After the Red Rain
by Barry Lyga, Peter Facinelli, and Rob DeFranco
published on August 4th, 2015 by Little, Brown Books for Young Readers
young adult | dystopian | science-fiction | romance
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A postapocalyptic novel with a cinematic twist from New York Times bestseller Barry Lyga, actor Peter Facinelli, and producer Robert DeFranco.
On the ruined planet Earth, where 50 billion people are confined to megacities and resources are scarce, Deedra has been handed a bleak and mundane existence by the Magistrate she works so hard for. But one day she comes across a beautiful boy named Rose struggling to cross the river–a boy with a secretive past and special abilities, who is somehow able to find comfort and life from their dying planet.
But just as the two form a bond, it is quickly torn apart after the Magistrate’s son is murdered and Rose becomes the prime suspect. Little do Deedra and Rose know how much their relationship will affect the fate of everyone who lives on the planet.
I was a little uncertain about this book from the start. I’ve never read Barry Lyga before, and the dystopian angle didn’t sound particularly new. However, it was so hyped at BEA that I decided to snag a copy from Netgalley. Unfortunately, I should have considered my earlier reservations. After the Red Rain is a mess of a book. Yet it begins with such a thrilling, poignant moment: a man in a strange factory of corpses, risking life and limb to save an infant from the grinding machines. He gives her a strange, secret gift. I was intrigued. I was ready for something Matrix-like and dark.
It’s quite apparent that the teenage girl we meet in the next chapter, Deedra, is that baby. Her world is a dead world, a world so toxic that 50 billion people died off in a matter of years, and the 50 billion who remain live in starvation and squalor. They also live in fear of the Red Rain, the quasi-mythical event that destroyed half their kind. While skeptical that 50 billion people could reasonably survive on a scorched planet (we’re at 7 billion right now, if that helps), I enjoyed the sort of whimsical terror of Deedra’s world, a world divided into territories ruled by dangerous, omnipotent autocrats. A world of hopelessness.
That’s where the book begins to unravel–pretty much instantly. Deedra has a day off from her factory job and is out scrap-collecting with her friend–whose name I forgot, which should tell you about how important she is to this book–when she sees a beautiful girl across the river. Only the girl is actually just a ridiculously beautiful boy who calls himself Rose. He insinuates himself into Deedra’s community and joins her at the factory. He believes in the Red Rain, even though Deedra and many others think it’s mere superstition. He smells like heaven and wears a strange green coat. His unsettling mix of innocence and perception terrify the higher-ups and put him on their radar. When the territory leader’s son is murdered, Rose becomes their prime suspect.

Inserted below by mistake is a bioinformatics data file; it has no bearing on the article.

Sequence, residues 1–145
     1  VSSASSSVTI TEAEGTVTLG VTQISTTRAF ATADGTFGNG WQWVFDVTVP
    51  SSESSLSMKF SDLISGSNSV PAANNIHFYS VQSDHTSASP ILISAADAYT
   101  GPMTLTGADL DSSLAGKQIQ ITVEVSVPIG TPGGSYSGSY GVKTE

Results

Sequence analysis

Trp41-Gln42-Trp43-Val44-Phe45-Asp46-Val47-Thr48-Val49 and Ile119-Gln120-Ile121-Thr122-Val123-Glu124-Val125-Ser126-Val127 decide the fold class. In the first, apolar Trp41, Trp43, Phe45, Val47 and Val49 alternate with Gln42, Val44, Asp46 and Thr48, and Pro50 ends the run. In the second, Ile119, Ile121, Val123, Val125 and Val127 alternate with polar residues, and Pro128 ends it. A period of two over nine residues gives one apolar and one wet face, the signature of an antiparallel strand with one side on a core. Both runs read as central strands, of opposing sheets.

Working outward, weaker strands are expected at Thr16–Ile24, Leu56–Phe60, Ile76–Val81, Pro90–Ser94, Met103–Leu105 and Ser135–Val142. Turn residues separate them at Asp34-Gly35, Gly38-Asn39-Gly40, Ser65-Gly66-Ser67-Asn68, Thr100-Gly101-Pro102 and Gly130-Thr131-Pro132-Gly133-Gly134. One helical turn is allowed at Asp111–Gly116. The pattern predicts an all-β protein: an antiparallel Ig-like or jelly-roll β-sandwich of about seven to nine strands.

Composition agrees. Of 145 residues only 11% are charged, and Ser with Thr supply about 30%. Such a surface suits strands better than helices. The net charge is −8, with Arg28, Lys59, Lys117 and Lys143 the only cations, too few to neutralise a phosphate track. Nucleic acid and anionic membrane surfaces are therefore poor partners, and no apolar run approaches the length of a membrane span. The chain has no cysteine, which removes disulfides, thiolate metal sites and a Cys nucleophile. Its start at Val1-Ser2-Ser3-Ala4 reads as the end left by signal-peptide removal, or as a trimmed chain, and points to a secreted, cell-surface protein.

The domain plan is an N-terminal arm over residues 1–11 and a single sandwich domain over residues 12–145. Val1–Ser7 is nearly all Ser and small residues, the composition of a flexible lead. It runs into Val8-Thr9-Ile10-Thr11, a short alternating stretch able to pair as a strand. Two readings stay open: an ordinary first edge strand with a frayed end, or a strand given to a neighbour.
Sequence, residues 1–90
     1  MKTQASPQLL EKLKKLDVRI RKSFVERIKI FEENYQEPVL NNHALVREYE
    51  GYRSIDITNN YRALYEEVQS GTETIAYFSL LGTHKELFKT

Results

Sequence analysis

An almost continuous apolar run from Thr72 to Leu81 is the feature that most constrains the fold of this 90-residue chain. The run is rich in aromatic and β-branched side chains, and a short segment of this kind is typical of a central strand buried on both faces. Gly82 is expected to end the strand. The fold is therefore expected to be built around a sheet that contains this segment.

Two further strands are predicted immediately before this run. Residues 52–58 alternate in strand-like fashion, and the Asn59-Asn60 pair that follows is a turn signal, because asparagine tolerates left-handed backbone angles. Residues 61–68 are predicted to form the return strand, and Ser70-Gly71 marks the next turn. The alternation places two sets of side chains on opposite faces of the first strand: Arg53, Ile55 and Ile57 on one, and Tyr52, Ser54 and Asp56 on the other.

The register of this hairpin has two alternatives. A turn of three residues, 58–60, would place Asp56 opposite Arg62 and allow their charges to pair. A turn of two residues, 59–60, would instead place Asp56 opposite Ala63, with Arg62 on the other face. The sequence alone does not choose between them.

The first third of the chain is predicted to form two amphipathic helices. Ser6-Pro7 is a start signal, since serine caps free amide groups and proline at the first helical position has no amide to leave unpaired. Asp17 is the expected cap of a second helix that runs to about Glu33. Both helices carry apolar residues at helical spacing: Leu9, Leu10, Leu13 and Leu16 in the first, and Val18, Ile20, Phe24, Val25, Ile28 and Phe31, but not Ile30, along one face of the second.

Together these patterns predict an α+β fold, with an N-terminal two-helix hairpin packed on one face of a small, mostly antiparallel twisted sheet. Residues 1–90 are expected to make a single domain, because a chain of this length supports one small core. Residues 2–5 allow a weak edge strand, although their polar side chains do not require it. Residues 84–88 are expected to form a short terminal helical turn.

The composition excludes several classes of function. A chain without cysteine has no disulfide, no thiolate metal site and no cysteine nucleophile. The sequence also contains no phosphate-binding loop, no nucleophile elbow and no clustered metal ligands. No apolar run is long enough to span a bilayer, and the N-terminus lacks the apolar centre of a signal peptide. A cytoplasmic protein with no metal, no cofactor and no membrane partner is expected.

And that’s sort of the book. Rose and Deedra talk about the world and philosophical things. Deedra falls in love with Rose because he’s oh-so-beautiful and perceptive and just a freaking ray of sunshine in a bleak world. Deedra learns of Rose’s secrets and joins forces with an ambitious doctor, who believes that Rose’s abilities may save the world, to protect Rose from execution for a crime he didn’t commit. You’d think this would all be fairly interesting, except that the writing is mediocre, the characters are flat, and the plot ambles along so slowly that I found myself skimming through nearly the whole last half.
In part, this book lost me with its absurdity. I won’t spoil the secret of Rose’s abilities to you. Let’s just say that it was the most ridiculous thing I’ve heard in a while. I began to suspect the truth early on, then thought to myself, “No, of course not. That’s just silly.” And then I found out it was real, and there was just no way to suspend disbelief. It rankled me in that way that things do when you can tell the authors are trying too hard to be clever. And failing. Badly.
Then, of course, there’s the freaking Red Rain. They weren’t kidding about the “After” part. Even though there are hints of something dangerous going on in the territory, even though the Red Rain is tossed around a few times, it quickly takes a side seat in favor of the Romeo and Juliet love story and the plot to save Rose. I couldn’t get on board with the romance at all. One, Deedra is annoying. Two, Rose is exceptionally annoying. They read as very naive (assuming you think Deedra has a personality at all) and their romance crescendos quickly. It’s page after page of sappy dialogue and unbelievable action scenes, culminating in a saccharine ending that couldn’t have come too soon.
Somewhere near that ending, you learn what the Red Rain actually was. It’s discussed for a couple of sentences before it becomes completely unimportant and is never mentioned again. And so, what could have been a relatively interesting take on dystopia and the problem of human survival in an overpopulated world became a laughable science-fiction love story worthy of Bella and Edward. Coincidence that Peter Facinelli was involved?
I need to go read some Cormac McCarthy to cleanse my palate.
I’m a font of useless knowledge and an endless source of sarcasm. Oh, and I guess I read, too.